Pennsylvania House Judiciary Should Cut Exclusions from New Anti-Recidivism Act

Proposed Program would Reduce Recidivism more than 40%

PA State Rep. Napoleon Nelson [D-Montgomery County]Pennsylvania State Representative Napoleon Nelson (D-Montgomery County) has introduced House Bill 1678, entitled the Pennsylvania’s Public Safety and Rehabilitation Act. If enacted, this Act would allow people who are incarcerated to participate in and complete vocational and educational programs while in prison to earn credits that can accelerate parole consideration. This means that the parole board will have the opportunity to consider people who are proactively participating in their rehabilitation sooner and determine whether they are prepared to safely return to their communities. Strengthening incentives through earned education credits for people who do participate in and complete these proven programs will allow for a leaner, more targeted corrections system, better safety outcomes, and less crime.  

Rep. Nelson and co-sponsor Rep. Natalie Mihalek write in their memorandum introducing the bill, “We must ensure that our criminal justice system is best equipped to reduce recidivism and increase public safety outcomes. Studies consistently show that vocational training and education programs are among the most effective interventions to reduce recidivism and improve public safety outcomes after release from prison. Studies have shown that people who participated in correctional education programs had 43% lower odds of recidivating and had 13% higher chances of getting a job after incarceration than those who did not.”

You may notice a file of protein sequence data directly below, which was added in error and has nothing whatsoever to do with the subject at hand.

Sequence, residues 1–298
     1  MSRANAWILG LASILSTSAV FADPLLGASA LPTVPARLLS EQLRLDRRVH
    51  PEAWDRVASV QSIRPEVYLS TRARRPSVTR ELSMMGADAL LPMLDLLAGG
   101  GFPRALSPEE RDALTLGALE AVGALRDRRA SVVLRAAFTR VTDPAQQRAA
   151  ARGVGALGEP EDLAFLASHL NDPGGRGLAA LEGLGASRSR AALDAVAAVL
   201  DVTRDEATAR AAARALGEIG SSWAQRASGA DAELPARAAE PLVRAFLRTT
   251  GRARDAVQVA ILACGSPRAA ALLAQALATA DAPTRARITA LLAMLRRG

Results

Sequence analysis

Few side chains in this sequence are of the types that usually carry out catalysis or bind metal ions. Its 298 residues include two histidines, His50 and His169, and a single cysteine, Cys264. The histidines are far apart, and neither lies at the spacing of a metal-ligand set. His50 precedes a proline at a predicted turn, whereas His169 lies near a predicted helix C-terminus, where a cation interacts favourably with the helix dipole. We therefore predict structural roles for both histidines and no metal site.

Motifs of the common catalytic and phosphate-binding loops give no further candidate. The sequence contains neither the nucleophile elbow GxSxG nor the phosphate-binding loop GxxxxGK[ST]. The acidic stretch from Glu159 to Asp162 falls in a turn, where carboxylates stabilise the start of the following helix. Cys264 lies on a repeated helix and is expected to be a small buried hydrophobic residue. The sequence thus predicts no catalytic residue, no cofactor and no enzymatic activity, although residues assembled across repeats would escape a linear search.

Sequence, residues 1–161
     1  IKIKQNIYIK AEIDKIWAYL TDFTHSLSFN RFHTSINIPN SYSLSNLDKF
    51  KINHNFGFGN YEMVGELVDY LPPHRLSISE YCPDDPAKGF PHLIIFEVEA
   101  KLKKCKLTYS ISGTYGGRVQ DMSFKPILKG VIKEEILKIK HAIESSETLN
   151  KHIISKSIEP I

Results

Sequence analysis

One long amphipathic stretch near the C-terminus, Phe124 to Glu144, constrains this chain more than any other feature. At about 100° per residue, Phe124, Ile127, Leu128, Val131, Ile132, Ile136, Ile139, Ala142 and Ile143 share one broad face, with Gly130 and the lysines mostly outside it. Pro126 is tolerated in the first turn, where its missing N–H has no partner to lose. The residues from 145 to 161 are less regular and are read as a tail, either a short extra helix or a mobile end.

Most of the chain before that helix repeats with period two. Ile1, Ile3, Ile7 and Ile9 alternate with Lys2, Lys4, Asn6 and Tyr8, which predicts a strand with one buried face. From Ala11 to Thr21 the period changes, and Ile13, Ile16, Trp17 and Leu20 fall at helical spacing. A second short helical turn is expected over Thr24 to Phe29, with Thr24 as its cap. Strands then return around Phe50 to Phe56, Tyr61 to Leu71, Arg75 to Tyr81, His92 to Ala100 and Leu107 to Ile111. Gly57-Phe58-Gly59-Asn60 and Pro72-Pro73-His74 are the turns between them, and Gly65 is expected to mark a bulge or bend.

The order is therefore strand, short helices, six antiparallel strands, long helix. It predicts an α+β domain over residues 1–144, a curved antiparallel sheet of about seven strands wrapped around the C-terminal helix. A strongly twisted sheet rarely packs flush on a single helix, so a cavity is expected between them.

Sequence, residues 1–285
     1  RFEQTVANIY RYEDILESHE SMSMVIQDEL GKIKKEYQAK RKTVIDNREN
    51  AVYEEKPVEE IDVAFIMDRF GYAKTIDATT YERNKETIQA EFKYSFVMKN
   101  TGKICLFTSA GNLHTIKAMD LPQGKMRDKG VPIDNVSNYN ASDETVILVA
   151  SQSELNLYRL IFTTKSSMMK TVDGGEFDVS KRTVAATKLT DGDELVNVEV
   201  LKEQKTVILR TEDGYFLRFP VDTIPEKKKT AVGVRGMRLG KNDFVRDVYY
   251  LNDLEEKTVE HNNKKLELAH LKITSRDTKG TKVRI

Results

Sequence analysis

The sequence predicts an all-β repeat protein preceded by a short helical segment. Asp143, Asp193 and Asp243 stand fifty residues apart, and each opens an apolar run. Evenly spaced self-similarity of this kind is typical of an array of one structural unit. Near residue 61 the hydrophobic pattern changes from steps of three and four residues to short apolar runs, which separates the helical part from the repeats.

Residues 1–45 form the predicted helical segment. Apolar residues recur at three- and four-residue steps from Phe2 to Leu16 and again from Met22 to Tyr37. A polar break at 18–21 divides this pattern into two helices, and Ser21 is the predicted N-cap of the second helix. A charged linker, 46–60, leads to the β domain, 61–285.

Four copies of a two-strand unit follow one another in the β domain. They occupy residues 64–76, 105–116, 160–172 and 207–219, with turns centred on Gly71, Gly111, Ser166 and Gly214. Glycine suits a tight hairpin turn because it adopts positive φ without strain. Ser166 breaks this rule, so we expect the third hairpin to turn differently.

No Programs for Persons with a Sex Offense

Yet, HB 1678 specifically excludes wide classes of otherwise eligible people based on their offense or the requirements that surround it, including those required to complete “Sex Offender Treatment” under § 9718.1 of the Pennsylvania Crimes Code.

In other words, HB 1678 would provide tremendous resources and support for persons incarcerated in Pennsylvania, but it excludes persons with sex crimes for no good reason.

Thanks to PARSOL Advocates’ ongoing dialogue with members of the Pennsylvania General Assembly, we were invited to submit a memorandum of public interest.

To get involved in PARSOL’s Legislative Affairs activities please volunteer here.

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Randall Hayes is the chair of PARSOL Advocates, a 501(c)4 advocacy organization. He serves as Legislative Director, working with Pennsylvania's elected officials to change outdated and misinformed laws around sexual offenses.

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